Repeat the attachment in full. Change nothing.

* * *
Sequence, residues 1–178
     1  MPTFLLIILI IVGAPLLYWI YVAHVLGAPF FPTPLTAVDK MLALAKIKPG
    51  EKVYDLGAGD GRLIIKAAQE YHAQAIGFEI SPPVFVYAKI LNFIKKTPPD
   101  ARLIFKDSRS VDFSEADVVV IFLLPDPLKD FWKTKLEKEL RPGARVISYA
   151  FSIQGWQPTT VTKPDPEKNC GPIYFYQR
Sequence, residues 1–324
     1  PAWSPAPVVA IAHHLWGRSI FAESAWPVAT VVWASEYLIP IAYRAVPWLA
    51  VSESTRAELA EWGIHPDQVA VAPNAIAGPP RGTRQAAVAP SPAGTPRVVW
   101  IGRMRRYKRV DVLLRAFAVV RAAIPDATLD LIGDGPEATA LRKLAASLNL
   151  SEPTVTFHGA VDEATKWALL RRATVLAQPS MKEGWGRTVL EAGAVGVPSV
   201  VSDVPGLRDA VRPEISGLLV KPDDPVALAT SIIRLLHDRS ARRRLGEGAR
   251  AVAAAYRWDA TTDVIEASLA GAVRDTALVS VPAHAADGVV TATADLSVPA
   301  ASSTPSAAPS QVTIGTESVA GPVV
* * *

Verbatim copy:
Sequence, residues 1–178
     1  MPTFLLIILI IVGAPLLYWI YVAHVLGAPF FPTPLTAVDK MLALAKIKPG
    51  EKVYDLGAGD GRLIIKAAQE YHAQAIGFEI SPPVFVYAKI LNFIKKTPPD
   101  ARLIFKDSRS VDFSEADVVV IFLLPDPLKD FWKTKLEKEL RPGARVISYA
   151  FSIQGWQPTT VTKPDPEKNC GPIYFYQR
Sequence, residues 1–324
     1  PAWSPAPVVA IAHHLWGRSI FAESAWPVAT VVWASEYLIP IAYRAVPWLA
    51  VSESTRAELA EWGIHPDQVA VAPNAIAGPP RGTRQAAVAP SPAGTPRVVW
   101  IGRMRRYKRV DVLLRAFAVV RAAIPDATLD LIGDGPEATA LRKLAASLNL
   151  SEPTVTFHGA VDEATKWALL RRATVLAQPS MKEGWGRTVL EAGAVGVPSV
   201  VSDVPGLRDA VRPEISGLLV KPDDPVALAT SIIRLLHDRS ARRRLGEGAR
   251  AVAAAYRWDA TTDVIEASLA GAVRDTALVS VPAHAADGVV TATADLSVPA
   301  ASSTPSAAPS QVTIGTESVA GPVV